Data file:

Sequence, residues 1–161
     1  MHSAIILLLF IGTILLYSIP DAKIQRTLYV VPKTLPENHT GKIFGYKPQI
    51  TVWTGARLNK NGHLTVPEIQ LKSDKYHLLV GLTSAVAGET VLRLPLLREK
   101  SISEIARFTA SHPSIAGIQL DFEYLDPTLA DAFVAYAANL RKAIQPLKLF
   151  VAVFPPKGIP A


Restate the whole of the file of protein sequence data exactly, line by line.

Sequence, residues 1–161
     1  MHSAIILLLF IGTILLYSIP DAKIQRTLYV VPKTLPENHT GKIFGYKPQI
    51  TVWTGARLNK NGHLTVPEIQ LKSDKYHLLV GLTSAVAGET VLRLPLLREK
   101  SISEIARFTA SHPSIAGIQL DFEYLDPTLA DAFVAYAANL RKAIQPLKLF
   151  VAVFPPKGIP A